DOBROLYUBOV, do-brifi-Iyoo'bov, or Nikolai Alexandrovich, Rus sian critic: b. Nizhni Novgorod, 24 Nov. 1836; d. 1861. At the age of three he knew by heart several fables from Krylov's col lections. At school he was considered as an enfant prodige and at home he spent all his time in the library of his father in which were many books on science and art. At the age of 13 he wrote several original poems of considerable merit and translated into Russian verse some of Horace's best poems. Owing partly to the influence of his father (a parish priest) and partly to his own inclination to religion he became greatly devoted to the Christian faith and the Orthodox Church, which love he showed by a rough asceticism. During his studies at the University of Petrograd in 1854 Dobrolyubov lost in a rapid succession his parents and a sister. Poverty and sorrow de layed his literary career until 1855, when he abandoned poetry and, aided by Chernyshevski, wrote for Sovremenik several essays in prose which astonished the critics by their manifesta tion of deep erudition. His stories 'Donor' and Wyeletz) ((The had a great success and improved considerably his financial affairs. Having lost all his dear ones, his heart, refined by suffering, became (1858) an easy prey to the eyes of a beautiful, chaste but extremely carelessly educated girl with whom he lived for some time, but from whom he had to separate on account of her vulgarity. However,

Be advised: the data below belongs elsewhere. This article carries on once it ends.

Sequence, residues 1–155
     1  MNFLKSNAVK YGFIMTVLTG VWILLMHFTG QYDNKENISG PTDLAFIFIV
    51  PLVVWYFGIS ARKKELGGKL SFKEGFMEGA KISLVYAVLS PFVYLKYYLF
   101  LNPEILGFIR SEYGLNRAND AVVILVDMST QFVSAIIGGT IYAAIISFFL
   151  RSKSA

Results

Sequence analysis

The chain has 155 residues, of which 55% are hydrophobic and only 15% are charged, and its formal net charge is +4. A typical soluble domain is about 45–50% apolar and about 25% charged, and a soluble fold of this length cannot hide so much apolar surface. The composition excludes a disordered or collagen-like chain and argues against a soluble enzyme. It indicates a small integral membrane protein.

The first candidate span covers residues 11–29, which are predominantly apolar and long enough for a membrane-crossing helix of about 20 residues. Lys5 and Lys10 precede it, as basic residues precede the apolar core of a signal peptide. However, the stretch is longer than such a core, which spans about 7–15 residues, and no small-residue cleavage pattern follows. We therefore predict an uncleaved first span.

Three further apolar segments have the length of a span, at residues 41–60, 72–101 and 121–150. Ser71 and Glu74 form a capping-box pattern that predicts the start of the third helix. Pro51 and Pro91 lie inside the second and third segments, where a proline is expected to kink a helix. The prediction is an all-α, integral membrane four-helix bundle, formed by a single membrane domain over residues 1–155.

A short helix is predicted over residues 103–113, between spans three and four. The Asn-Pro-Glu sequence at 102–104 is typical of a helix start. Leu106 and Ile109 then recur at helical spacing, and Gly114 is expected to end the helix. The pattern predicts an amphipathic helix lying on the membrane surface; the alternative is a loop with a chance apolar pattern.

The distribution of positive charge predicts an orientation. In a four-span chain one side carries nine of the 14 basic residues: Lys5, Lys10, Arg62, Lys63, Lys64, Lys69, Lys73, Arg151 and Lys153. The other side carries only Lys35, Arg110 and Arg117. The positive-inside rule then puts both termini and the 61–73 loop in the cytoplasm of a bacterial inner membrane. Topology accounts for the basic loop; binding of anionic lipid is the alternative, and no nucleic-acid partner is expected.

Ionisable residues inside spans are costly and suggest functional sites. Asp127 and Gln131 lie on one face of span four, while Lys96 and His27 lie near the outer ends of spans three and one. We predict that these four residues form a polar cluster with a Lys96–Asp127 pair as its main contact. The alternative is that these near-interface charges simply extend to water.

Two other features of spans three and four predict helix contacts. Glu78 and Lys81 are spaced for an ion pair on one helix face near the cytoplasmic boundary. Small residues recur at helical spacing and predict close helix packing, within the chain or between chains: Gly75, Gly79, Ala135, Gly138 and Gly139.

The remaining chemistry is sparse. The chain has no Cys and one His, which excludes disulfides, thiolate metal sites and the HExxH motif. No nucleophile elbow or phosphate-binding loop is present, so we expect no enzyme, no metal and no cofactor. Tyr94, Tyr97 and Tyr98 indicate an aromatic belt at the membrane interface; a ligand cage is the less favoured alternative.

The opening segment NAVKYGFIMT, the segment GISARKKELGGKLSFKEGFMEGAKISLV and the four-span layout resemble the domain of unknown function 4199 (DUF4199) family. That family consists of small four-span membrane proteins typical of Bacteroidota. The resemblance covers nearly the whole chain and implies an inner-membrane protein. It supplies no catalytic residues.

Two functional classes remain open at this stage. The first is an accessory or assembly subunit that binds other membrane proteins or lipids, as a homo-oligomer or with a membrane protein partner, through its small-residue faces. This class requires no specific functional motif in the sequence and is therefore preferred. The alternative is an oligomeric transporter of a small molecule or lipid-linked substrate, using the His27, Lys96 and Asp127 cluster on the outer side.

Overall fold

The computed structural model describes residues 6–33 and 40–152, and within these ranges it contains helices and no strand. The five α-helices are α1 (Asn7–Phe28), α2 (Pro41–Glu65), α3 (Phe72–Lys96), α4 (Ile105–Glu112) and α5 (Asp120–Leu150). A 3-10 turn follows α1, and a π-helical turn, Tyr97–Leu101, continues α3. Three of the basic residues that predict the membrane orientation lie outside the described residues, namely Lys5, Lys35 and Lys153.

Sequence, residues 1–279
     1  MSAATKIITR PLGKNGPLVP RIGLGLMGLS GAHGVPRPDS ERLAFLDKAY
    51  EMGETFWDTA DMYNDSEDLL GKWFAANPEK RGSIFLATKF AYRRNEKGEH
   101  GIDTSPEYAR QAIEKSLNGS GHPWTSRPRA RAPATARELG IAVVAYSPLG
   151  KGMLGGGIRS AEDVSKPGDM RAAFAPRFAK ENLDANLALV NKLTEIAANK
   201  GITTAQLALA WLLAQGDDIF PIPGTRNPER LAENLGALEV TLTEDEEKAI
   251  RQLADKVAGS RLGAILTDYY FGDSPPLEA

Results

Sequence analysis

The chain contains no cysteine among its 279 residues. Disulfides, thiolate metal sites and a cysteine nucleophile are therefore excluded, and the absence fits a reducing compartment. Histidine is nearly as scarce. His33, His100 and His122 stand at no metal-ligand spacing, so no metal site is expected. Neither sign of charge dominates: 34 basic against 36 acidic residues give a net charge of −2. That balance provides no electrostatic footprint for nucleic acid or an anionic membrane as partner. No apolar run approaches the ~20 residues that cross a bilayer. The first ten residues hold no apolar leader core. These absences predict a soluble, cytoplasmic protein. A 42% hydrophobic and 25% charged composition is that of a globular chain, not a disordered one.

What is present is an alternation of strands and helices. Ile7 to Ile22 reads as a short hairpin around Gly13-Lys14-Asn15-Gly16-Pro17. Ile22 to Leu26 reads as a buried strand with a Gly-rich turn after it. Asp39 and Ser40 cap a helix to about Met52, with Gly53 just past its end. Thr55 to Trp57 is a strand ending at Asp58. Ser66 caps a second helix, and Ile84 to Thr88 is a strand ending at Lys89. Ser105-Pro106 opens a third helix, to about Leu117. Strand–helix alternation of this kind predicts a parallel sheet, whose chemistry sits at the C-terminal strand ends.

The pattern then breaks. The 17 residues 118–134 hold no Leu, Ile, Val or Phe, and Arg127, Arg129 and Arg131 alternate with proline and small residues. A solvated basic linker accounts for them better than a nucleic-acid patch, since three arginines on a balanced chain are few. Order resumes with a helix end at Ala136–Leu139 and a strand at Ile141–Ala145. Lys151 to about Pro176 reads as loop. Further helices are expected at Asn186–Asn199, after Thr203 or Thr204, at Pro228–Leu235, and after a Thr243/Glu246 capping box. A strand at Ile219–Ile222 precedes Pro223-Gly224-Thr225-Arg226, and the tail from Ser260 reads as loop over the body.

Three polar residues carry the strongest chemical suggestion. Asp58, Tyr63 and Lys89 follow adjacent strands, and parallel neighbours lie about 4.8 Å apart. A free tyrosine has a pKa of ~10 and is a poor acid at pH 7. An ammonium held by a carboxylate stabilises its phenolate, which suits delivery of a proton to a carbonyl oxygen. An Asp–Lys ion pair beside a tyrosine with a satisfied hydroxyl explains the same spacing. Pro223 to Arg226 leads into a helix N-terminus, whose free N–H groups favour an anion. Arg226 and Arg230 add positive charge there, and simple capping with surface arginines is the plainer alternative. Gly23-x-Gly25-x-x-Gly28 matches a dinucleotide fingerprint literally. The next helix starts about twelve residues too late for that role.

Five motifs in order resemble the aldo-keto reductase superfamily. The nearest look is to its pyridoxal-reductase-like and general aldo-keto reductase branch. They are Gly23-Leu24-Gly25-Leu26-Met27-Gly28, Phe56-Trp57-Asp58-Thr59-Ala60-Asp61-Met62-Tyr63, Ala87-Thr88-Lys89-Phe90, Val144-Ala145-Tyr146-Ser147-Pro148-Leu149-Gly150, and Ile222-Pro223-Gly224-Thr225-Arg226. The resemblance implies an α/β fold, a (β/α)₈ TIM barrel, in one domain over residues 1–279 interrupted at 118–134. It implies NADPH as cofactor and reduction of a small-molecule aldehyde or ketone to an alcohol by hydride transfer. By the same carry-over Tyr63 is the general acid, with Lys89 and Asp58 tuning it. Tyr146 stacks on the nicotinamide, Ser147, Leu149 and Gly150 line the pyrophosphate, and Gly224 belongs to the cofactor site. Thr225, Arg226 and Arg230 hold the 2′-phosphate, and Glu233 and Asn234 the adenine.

he never forgot the good in that woman and under great strain he sent her at regular inter vals pecuniary aid until her death. After this he had several other unfortunate love affairs which convinced him that his peace lay only in literature, and, indeed, until 1860 he was ex tremely busy writing criticisms on novels, plays, stories, etc., for the leading periodicals of the capital. All his brilliant criticism carries the seal of the spirit of the sixties in Russian litera ture which was then in a transient state from Hegel's metaphysics to the realism of the Eng lish and French philosophers, from mystic dual ism to plain monism and utilitarianism. His critical studies, 'The Dark Czardom,' 'Spark of Light in the Dark Czardom,' 'When will the To-Day come?' etc., exhibit a powerful realism, deny the theory of nationalism in literature and contain a deep and universal analysis of the most essential sides of the Russian life.